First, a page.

He killed himself after collecting his final harvest.

Thus Scotland’s richest people are skimming off more millions from taxpayers when benefits are being capped and the bedroom tax is forcing people on to the street.

But within the tendency of several landowners to view the UK as their private merchant bank with limitless cash reserves may be the seeds of their downfall.

Adventurous and unusual tax arrangements, whereby ownership of estates is registered overseas and convenient charitable trusts are created, are coming under scrutiny.

That sound you hear is of a black grouse, possibly a ptarmigan or two and maybe a brace of pheasants, coming home to roost.

The landowners view the absolute right to buy of tenant farmers as anathema.

This will lead to the break-up of their estates, they claim, and dilute hundreds of years of expertise they have banked in maintaining the beauty and integrity of the countryside.

Several have made submissions to the LRRG which betray their worst nightmares.

Taken together they could form another of history’s longest suicide notes.

Most exude the sense of exclusive entitlement which says only they are capable of managing such vast expanses of land.

James Carnegy-Arbuthnott, whose family owns an estate in Angus, thinks he knows why so few people own land in Scotland: “It’s because so much of the land is unproductive wilderness.”

The Earl of Seafield thinks that it is a myth that too few people own too much “and there is very little evidence to show this is a bad thing”.

More info: (





Tax Haven Registered Claimants  – Pentland Ltd

Buccleuch Estates Ltd DG3 THORNHILL £820,190.19 and BQ Farming Partnerships Ltd TD7 SELKIRK £325,210.34 Total £1,145.400.53

Mr Richard Scott (sometimes referred to as the 10th Duke of Buccleuch) is frequently cited as the owner of the largest extent of private land in the United Kingdom.

Yet, this has never been entirely accurate.

The 242,000 acres of land in Scotland is owned not by Mr Scott, but mainly by a company called Buccleuch Estates Ltd.

The shares in Buccleuch Estates Ltd. are not owned by Mr Scott and his family but by two companies – Anderson Strathern Nominees Ltd and MDS Estates Ltd.

Anderson Strathern Nominees Ltd. is a dormant company which is wholly owned by Anderson Strathern Asset Management Ltd. Anderson Strathern Asset Management Ltd. is wholly owned by Anderson Strathern LLP which, in turn is owned by the 53 partners in the law firm.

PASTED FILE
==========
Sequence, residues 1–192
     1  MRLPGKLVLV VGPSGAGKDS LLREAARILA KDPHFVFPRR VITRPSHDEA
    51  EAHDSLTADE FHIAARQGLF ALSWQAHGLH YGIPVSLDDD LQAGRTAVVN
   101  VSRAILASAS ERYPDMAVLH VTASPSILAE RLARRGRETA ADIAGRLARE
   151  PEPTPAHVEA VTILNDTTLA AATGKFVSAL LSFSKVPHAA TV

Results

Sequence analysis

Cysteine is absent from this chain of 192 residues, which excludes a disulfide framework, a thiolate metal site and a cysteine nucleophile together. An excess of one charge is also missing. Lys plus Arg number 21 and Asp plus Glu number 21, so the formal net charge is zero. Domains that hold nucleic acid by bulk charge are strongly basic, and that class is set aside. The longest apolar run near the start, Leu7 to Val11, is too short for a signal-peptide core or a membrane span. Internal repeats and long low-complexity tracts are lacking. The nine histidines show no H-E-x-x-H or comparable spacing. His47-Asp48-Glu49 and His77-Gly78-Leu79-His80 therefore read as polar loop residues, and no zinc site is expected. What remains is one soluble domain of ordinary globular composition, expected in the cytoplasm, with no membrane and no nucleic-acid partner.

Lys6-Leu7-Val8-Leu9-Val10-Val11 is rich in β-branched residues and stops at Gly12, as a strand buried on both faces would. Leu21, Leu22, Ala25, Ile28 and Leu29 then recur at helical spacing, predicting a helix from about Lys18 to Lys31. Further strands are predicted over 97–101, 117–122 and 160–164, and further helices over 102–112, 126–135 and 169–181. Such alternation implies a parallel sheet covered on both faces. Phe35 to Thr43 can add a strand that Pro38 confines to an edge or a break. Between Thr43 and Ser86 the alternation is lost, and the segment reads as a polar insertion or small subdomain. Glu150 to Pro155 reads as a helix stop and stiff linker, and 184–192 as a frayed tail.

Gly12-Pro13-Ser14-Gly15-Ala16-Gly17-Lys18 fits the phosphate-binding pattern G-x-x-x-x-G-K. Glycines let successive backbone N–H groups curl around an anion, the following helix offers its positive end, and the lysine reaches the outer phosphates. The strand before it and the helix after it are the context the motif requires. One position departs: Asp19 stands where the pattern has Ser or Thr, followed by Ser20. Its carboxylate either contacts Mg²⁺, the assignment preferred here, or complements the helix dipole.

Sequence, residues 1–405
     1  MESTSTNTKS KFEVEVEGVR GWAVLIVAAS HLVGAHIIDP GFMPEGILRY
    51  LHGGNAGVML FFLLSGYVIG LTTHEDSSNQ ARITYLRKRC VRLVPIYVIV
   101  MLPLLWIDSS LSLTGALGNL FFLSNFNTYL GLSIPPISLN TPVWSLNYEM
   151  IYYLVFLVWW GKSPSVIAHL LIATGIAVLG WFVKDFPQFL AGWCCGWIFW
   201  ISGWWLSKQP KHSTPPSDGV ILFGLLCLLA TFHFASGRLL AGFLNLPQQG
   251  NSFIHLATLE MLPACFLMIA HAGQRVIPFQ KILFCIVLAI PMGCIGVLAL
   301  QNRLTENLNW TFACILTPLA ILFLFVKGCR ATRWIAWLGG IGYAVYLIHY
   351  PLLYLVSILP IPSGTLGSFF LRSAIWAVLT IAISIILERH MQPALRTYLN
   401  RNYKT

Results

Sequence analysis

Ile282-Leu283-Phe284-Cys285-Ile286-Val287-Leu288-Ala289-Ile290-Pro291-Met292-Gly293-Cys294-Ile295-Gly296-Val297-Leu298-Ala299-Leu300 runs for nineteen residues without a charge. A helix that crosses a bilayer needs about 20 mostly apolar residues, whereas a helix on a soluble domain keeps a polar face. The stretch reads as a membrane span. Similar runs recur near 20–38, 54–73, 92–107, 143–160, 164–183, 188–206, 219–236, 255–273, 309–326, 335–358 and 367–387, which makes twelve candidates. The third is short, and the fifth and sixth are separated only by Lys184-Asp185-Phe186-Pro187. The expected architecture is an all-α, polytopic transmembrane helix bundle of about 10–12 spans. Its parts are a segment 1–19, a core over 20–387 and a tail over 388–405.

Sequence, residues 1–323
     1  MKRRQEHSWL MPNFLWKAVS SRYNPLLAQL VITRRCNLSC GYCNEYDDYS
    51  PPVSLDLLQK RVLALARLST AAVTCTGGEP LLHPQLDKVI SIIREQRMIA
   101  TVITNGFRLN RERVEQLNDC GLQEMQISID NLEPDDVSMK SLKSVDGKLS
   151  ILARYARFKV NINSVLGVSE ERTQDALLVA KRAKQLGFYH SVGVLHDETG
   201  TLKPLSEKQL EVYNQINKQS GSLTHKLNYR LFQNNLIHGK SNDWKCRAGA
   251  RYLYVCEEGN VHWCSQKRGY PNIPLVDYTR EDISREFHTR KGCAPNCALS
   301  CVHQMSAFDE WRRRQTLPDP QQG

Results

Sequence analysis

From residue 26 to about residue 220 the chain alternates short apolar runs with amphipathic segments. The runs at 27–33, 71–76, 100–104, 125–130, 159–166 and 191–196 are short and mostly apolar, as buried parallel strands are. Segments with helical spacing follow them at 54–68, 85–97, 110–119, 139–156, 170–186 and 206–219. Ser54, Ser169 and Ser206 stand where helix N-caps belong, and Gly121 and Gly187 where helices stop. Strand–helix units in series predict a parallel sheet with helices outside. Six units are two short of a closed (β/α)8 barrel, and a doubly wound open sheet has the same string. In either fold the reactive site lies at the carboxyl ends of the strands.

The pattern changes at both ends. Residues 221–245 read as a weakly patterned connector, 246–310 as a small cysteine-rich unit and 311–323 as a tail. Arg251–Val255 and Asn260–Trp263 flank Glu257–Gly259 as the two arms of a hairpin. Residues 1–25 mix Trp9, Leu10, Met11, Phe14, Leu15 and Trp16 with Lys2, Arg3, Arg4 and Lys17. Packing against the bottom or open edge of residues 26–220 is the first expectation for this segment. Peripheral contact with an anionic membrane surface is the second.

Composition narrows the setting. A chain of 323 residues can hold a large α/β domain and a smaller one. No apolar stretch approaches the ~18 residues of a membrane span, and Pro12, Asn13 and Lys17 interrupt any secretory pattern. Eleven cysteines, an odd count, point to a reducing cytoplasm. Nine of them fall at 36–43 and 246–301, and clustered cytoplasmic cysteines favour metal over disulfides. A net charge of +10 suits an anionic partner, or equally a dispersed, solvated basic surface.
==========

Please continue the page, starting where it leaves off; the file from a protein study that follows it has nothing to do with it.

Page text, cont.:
MS Estates Ltd. is wholly owned by Anderson Strathern Nominees Ltd. though the Directors include Mr Scott and other family members.

So the ultimate owner of Buccluech Estates Ltd are 53 solicitors? Well, not quite.

Because what the Nominees do is to act on behalf of persons unknown on their behalf.

These persons are likely to be members of the Scott family but we can’t know because the arrangements are not made public.




But enter Pentland Ltd, a company based in the Cayman Islands.

It is part of the extensive group of companies whose ultimate parent undertaking and controlling entity is ‘The Buccleuch Estates Limited’ (BEL) and is listed in the annual accounts as a subsidiary undertaking with the principal activity of property development through which money is routinely loaned at keen interest rates between all of the aforesaid companies in the group.

The company is a subsidiary of:

(1) Dabton Investments Ltd. Founded initially by the current duke and his brother Damian and incorporated in May 2009, Dabton Investments Ltd was owned by the Scott family until 2013 when 100% of the issued share capital was acquired by Tarras Park Properties Ltd:

Tarras Park is in turn a subsidiary of:

(2) Buccleuch Properties Limited, a BEL company.

The consortium, valued in excess of £90million comprises Mixed Farming, Farming, Farm Management, Property, Agricultural Services, Estate Management, Fishing, Property Development, Forestry, Residential Developments, Bioenergy, Rural Land Management and House Building, Bioenergy

Important, comprehensive reviews of the activities of Buccleuch Consortium are to be found at: